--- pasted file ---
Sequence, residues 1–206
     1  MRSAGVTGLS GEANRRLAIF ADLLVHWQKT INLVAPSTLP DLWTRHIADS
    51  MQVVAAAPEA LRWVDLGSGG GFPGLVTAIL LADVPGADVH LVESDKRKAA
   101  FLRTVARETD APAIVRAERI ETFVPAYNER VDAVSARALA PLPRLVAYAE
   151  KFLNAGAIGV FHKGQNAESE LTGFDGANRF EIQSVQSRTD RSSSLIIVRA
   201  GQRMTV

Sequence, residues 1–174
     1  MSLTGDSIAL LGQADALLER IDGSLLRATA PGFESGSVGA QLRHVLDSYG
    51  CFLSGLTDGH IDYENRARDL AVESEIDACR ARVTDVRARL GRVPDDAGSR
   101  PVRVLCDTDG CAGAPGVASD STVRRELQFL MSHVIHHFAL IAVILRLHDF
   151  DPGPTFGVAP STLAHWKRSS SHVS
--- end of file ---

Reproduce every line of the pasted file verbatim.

Sequence, residues 1–206
     1  MRSAGVTGLS GEANRRLAIF ADLLVHWQKT INLVAPSTLP DLWTRHIADS
    51  MQVVAAAPEA LRWVDLGSGG GFPGLVTAIL LADVPGADVH LVESDKRKAA
   101  FLRTVARETD APAIVRAERI ETFVPAYNER VDAVSARALA PLPRLVAYAE
   151  KFLNAGAIGV FHKGQNAESE LTGFDGANRF EIQSVQSRTD RSSSLIIVRA
   201  GQRMTV

Sequence, residues 1–174
     1  MSLTGDSIAL LGQADALLER IDGSLLRATA PGFESGSVGA QLRHVLDSYG
    51  CFLSGLTDGH IDYENRARDL AVESEIDACR ARVTDVRARL GRVPDDAGSR
   101  PVRVLCDTDG CAGAPGVASD STVRRELQFL MSHVIHHFAL IAVILRLHDF
   151  DPGPTFGVAP STLAHWKRSS SHVS